No 30

FNC’s Leadership is Confirmed at OriGin

December, 2015


FNC’s Leadership is Confirmed at OriGin

Having been elected as a member of the Executive Committee is another recognition of its good work and leadership in characterization, promotion and defense of Café de Colombia, for the benefit of the 100% brands and especially of coffee growers.

For years, the Colombian Coffee Growers Federation (FNC) has played a leading role in the Organization for an International Geographical Indications Network (OriGin). This global alliance of Geographical Indications (GI) was established in 2003. It is headquartered in Geneva, Switzerland, and represents some 400 associations of producers and other GI-related institutions from 40 countries.

OriGin goals are to campaign for effective legal protection and enforcement of GIs at national, regional and international level, and promote GIs as a sustainable development tool for producers and communities.

On November 10, in Fortaleza, Brazil, this global organization held its 7th General Assembly, in which representatives of GI groups from all over the world gathered to review the activities carried out by OriGin in the last two years, renew its governing bodies and define the alliance’s strategy for protection and promotion of GIs at the global level in the next two years.

In this general assembly, the FNC was elected as a member of the Executive Committee, which represents another recognition of its good work and leadership in characterization, promotion and defense of the origin, as Luis Fernando Samper, FNC Chief Communications and Marketing Officer and Director of Intellectual Property, explains.

Why is OriGin important for the FNC and Café de Colombia?
OriGin is an organization devoted to strengthen the protection of origin and Geographical Indications around the world; thus it supports the FNC’s and Café de Colombia’s legal efforts to maximize this protection.

All famous Geographical Indications have the problem of imitation: third parties take inappropriate advantage of their reputation to sell lower-quality products that do not meet required standards; having a strong global organization, which is always working for the interests of GIs, is important.

To what extend is this designation a recognition of the FNC’s good work in defense of Café de Colombia?
Undoubtedly. The FNC and Café de Colombia are recognized in different regions for the work they have done in this respect: Café de Colombia is the first Colombian Denomination of Origin, the first non-European Protected Geographical Indication in Europe and the first foreign GI in Switzerland. This has inspired a great respect for our work on characterization, positioning and protection of origin.

In addition, not only is the FNC’s work recognized, but also our leadership in defending Colombian coffee growers’ collective reputation. That has become a benchmark on how other Denominations of Origin could work.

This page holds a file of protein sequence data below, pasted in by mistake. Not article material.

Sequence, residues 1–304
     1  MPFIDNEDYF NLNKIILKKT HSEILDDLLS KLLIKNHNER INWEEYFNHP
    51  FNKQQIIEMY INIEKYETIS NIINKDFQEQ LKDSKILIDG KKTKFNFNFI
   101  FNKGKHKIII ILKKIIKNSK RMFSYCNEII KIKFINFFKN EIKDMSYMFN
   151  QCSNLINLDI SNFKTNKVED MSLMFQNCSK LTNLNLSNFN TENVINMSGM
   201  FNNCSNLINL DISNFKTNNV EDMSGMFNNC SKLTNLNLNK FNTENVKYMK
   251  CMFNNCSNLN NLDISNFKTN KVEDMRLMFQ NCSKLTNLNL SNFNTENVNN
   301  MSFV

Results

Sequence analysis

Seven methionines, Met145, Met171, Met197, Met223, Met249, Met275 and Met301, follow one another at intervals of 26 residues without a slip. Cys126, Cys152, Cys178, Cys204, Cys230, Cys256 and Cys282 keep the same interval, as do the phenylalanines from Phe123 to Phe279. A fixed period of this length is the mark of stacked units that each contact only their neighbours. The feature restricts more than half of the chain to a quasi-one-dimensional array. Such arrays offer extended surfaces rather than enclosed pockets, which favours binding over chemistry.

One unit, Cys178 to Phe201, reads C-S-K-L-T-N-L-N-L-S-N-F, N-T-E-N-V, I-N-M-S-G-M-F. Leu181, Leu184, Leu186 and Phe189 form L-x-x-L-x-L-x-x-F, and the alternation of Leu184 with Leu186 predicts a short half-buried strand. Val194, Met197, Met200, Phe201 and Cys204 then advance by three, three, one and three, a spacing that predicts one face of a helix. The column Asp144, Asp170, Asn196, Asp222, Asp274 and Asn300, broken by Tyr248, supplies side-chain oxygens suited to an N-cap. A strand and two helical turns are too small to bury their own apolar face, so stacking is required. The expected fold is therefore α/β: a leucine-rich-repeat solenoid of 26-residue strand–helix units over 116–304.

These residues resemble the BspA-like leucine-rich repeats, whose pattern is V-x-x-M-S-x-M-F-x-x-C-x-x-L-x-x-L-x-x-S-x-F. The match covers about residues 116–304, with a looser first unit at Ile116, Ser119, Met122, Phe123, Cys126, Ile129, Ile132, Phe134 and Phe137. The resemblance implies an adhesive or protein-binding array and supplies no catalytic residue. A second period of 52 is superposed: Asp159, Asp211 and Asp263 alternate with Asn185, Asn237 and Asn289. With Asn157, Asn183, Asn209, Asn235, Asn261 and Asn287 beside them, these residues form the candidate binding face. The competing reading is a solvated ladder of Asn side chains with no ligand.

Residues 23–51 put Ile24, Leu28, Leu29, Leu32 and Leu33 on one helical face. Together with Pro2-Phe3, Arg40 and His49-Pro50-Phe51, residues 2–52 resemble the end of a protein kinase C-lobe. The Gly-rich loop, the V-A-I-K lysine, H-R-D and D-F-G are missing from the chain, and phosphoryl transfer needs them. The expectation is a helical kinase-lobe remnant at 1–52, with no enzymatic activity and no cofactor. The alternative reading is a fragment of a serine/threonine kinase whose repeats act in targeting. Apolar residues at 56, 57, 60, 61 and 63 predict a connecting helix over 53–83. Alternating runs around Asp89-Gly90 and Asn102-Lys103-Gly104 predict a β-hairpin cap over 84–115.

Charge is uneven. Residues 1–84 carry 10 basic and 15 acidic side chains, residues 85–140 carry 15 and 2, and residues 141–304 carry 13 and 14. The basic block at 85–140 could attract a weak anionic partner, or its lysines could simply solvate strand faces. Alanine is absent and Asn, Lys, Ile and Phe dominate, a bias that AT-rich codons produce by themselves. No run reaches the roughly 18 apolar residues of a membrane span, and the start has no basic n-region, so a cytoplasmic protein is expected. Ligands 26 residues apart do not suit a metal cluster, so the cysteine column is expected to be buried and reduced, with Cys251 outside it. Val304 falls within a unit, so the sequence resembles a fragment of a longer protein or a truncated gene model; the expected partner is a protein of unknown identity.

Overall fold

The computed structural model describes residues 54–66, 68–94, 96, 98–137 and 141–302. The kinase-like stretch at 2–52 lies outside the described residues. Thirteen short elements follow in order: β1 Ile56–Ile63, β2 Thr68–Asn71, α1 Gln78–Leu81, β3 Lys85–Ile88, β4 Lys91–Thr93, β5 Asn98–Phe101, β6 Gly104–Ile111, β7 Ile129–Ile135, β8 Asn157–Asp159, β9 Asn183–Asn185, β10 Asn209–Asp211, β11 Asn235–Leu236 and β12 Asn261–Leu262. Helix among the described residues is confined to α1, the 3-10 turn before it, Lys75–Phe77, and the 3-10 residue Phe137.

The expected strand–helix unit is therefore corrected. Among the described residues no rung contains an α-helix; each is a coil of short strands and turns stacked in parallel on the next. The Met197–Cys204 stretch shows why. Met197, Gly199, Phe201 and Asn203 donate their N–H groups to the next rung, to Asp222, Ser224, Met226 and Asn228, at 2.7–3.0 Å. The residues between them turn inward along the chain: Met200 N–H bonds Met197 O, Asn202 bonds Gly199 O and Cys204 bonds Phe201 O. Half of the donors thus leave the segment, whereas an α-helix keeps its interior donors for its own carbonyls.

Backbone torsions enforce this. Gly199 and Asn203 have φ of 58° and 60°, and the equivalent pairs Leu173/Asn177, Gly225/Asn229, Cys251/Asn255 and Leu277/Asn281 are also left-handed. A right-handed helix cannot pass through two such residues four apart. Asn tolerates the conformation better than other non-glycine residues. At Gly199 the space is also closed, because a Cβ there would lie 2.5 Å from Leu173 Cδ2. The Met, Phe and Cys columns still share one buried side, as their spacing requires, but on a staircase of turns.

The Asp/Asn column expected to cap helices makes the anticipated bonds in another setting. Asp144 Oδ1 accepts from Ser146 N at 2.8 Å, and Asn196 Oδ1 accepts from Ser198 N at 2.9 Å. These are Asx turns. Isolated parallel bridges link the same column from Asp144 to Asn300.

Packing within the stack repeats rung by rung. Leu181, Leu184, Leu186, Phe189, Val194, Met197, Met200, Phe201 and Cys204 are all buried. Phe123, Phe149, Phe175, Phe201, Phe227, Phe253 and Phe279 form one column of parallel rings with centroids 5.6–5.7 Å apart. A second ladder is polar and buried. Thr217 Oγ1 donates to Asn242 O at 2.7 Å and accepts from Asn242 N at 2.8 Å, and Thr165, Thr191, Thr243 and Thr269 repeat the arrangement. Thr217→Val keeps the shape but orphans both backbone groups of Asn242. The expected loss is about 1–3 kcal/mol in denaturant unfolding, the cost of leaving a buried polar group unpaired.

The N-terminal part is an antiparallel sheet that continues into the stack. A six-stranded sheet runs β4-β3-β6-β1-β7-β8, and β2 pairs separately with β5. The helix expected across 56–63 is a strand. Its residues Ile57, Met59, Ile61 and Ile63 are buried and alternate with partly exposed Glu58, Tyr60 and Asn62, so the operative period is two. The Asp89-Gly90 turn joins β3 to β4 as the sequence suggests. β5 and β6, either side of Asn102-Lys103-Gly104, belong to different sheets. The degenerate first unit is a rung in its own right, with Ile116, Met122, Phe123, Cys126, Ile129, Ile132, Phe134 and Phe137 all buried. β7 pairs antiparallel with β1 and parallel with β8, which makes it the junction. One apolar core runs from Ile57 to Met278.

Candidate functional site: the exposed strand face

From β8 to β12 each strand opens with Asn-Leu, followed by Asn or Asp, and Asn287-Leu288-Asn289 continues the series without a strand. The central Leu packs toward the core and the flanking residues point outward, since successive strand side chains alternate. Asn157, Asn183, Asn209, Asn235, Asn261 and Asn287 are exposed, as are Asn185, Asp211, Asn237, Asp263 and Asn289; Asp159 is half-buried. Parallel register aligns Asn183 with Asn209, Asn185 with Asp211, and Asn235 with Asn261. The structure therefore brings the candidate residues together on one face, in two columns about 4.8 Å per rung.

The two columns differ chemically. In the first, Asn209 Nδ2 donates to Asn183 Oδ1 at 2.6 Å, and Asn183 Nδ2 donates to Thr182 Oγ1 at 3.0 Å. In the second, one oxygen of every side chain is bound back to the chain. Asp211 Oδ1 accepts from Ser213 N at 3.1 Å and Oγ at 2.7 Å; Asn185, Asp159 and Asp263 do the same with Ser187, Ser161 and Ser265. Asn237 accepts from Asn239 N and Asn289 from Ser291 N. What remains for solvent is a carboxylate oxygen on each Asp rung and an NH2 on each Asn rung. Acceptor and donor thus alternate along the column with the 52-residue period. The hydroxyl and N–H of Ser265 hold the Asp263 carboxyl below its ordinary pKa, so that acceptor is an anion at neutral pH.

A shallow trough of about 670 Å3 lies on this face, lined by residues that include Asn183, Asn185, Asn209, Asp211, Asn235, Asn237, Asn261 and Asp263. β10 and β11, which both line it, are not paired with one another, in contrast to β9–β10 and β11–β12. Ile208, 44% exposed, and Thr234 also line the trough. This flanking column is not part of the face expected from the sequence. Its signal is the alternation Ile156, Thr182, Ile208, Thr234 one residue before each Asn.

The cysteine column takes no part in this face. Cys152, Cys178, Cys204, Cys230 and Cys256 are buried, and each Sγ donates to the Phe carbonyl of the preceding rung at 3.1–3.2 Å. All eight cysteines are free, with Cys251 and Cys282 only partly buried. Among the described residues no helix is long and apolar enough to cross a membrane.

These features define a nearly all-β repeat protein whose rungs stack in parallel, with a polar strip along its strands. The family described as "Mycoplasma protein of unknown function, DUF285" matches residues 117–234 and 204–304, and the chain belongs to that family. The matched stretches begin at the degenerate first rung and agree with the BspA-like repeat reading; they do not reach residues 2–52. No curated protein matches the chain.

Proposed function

What does this designation imply for the FNC and Café de Colombia?
First of all it means having a strategic direction. We have proposed that the next step for origin promotion is involving sustainability issues as an additional element of differentiation of what a GI does in a given geographical region.

Secondly, it also means being a driving force of change so that laws in different countries increasingly favor respect for origin and rules and standards associated with quality.


What are the benefits of this designation for Café de Colombia and 100% Colombian Coffee brands?
In Europe, the negotiation of a revision of the Treaty of Lisbon on GIs has just ended and being around these negotiations enables to strengthen the presence of a GI in many other countries. By being part of OriGin, we have been involved in global negotiations that allow, through this Treaty, to register GIs in different countries through a single instrument, rather than going country by country. This is a practical example of how one can save money, be more efficient, to achieve a higher level of protection for Café de Colombia in many other countries by directly getting involved in negotiations through an organization such as OriGin.

To what extent does the FNC’s work set trends in differentiation and origin defense?

The FNC and Café de Colombia have led this work of differentiation for several reasons: we have developed regional Denominations of Origin and technologies for protection and defense. We have also fine-tuned our positioning narrative and our capacity to segment the Colombian coffee offer.

With new regional origins such as the Coffee Cultural Landscape, we are creating a much more complex and richer content, which fits the needs of sophisticated consumers.

We already have four regional Denominations of Origin: Nariño, Cauca, Huila and Santander. And the requests for protection of Tolima and Sierra Nevada as regional Denominations of Origin have already been submitted to the Superintendencia de Industria y Comercio (SIC), which is the competent authority in Colombia.

As a final note, it is important to remember that origin is a differentiating factor that will always play in favor of producers, and for that reason it constitutes an added-value strategy that is complemented with others, such as specialty coffees. Maintaining positioning and demand for the Colombian origin is desirable to increase coffee growers’ profitability, because, as we have always said, origin belongs to coffee growers and must be defended.




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